We should’ve known. The English-speaking internet was hoodwinked by some mistranslations recently; getting all worked up over the notion that IBM might’ve developed a virtual reality MMO (VRMMO) and realizing Sword Art Online‘s supposedly fantastic premise. Of course, such excitement willfully neglected how ominous that premise actually is. This vaporware would’ve themed itself after a sci-fi story while somehow completely missing said story’s message.
Sword Art Online is about hapless gamers getting stuck in a virtual world that can suddenly, actually kill them. Who’d ever want to strap on a visor and enter that world? To our benefit, the temptation was never real. It turned out Sword Art Online: The Beginning is just an interactive VR experience–not an actual game. Somebody needed to review their kanjis. It did get SAO trending again, though, which was the basic point anyway. And if your curiosity was piqued, here’s the 411 on the anime, along with a couple other shows you’d probably be interested in. The set-up of MMOs gettin’ real is actually rather popular these days.
Sword Art Online
As mentioned, the eponymous game is a VRMMO which plugs players in via a “NerveGear helmet,” which integrates all five senses. The fun stops, of course, when Sword Art Online’s creator appears as a menacing cloaked figure before 10,000 players and informs them that he’s locked them inside. Escape is only possible if they defeat the final boss atop its 100-level castle. If they “die” during the sword and sorcery gameplay, or if anybody in the outside world takes their NerveGear helmets off, then they’re dead for real. Our hero is best suited for the job because he played the game’s beta previously. Other chosen ones who fight for the people might be called “Pendragon” or “Muad’ib.” He, however, is known as the “Beta Cheater.”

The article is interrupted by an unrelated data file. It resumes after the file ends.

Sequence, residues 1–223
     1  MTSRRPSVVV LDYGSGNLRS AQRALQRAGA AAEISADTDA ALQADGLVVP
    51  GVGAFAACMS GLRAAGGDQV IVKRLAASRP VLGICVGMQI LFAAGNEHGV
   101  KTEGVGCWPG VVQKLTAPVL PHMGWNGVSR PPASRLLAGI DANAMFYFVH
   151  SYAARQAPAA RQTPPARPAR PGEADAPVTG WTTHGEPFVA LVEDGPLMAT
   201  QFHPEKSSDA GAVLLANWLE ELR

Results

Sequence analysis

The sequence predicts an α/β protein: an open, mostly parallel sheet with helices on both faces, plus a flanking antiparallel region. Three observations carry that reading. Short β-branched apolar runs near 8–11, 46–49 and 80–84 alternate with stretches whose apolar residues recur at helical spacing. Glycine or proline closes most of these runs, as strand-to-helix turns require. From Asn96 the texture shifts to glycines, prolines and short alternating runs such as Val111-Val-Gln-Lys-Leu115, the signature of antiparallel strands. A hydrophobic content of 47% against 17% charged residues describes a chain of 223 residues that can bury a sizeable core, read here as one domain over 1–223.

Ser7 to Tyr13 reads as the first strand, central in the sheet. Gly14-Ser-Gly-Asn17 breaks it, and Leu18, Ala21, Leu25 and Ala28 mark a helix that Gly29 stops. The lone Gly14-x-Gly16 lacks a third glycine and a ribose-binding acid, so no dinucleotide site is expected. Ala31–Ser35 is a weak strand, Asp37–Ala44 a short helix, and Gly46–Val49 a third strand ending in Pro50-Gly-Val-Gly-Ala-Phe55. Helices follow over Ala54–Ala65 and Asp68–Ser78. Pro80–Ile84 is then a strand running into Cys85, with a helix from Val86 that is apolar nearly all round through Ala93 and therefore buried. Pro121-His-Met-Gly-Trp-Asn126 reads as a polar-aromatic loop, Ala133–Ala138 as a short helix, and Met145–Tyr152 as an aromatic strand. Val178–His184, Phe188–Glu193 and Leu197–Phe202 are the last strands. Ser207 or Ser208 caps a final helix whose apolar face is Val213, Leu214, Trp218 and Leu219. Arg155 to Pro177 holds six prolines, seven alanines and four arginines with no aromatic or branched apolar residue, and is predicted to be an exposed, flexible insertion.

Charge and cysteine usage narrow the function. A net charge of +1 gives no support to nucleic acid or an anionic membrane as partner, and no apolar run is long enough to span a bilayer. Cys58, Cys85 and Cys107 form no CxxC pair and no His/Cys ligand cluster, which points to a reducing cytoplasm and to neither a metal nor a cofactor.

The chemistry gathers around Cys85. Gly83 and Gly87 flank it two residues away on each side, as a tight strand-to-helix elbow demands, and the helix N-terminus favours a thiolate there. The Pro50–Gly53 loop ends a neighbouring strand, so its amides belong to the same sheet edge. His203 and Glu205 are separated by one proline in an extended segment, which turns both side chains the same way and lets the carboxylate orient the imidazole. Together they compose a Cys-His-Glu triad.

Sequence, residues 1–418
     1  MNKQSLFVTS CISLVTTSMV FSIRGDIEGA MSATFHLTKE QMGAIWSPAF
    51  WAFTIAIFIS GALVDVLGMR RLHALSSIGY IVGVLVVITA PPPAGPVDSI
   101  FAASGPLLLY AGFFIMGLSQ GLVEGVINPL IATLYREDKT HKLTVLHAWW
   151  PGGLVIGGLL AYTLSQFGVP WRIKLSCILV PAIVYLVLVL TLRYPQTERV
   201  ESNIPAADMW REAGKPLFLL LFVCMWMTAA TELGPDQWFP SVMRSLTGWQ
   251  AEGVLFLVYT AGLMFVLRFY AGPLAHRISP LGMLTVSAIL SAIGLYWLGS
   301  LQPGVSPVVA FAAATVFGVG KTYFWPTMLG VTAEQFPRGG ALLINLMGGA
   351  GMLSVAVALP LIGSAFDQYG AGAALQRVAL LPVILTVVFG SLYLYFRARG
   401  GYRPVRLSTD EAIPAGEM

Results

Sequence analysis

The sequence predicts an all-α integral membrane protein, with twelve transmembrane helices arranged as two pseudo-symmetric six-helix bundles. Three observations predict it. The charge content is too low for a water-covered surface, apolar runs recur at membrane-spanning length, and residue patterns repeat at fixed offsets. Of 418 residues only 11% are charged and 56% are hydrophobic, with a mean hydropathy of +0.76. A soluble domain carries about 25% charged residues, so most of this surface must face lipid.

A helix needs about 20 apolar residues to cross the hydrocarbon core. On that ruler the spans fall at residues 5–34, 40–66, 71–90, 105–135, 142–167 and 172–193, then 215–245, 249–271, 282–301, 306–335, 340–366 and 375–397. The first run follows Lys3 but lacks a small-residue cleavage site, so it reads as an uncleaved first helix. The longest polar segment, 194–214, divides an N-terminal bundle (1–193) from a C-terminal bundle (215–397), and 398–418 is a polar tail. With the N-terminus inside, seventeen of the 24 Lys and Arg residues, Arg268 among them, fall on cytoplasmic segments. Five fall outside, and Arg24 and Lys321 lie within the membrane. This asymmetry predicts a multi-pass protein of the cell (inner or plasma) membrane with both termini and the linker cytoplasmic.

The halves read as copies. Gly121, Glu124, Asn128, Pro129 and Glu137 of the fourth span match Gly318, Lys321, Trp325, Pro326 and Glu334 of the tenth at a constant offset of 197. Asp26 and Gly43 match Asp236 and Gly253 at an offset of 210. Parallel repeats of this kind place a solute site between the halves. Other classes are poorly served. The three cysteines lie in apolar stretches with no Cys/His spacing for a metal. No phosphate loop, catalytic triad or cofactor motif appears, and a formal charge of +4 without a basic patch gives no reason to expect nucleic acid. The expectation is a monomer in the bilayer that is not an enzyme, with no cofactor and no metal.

To spell it out: the title is an onomatopoeia. Because tons of big explosions happen in this show! Btooom! is also the name of the console game our young lead has earned a top ranking in. Whether he wished to live it or not, he inexplicably wakes up on a tropical island very much like the game’s setting, and quickly finds himself fleeing from competitors tossing bombs! Has he been digitized? Or is this mysterious place some Survivor-esque recreation? No time to suss out. The white knuckle, life-or-death tension starts in Scene One and never, ever lets up. It’s not just all viscera, either. The ol’ reality/fantasy line blurs even further when our lead runs into a girl who’s his “in-game” wife. Can online romance translate to the real world? There’s no better time to find out than during a deathmatch.
Basically Tron meets Wall Street, this builds the “MMOs gettin’ real” premise up with more conceptual layers. Our lead is a struggling scholarship student working several jobs, constantly wishing he could just have enough money to live stably and court the girl he’s crushing on. Enter a Mad Hatter-like Faustian figure, entreating him to an alternate world called the Financial District where entrepreneurs compete. It isn’t explicitly a MMO, but it functions the same, right down to strangers’ avatars pitting Pokemon-like sprites against each other to win good fortune. Money comes with victory, sure, but the “fortunes” they collect are both literal and figurative. Entire lives can be re-written, for example, with good luck being added or subtracted to decide if a winner has a happy, healthy family.
Years have passed, and this still might be the only major work of fantasy to sharply metaphorize the Great Recession of the late 2000s.
What other shows about MMOs getting’ real are worth logging into? If a VRMMO version were viable, would you actually want to sign up? Sound off in the talkback.
Featured Image Credit: Aniplex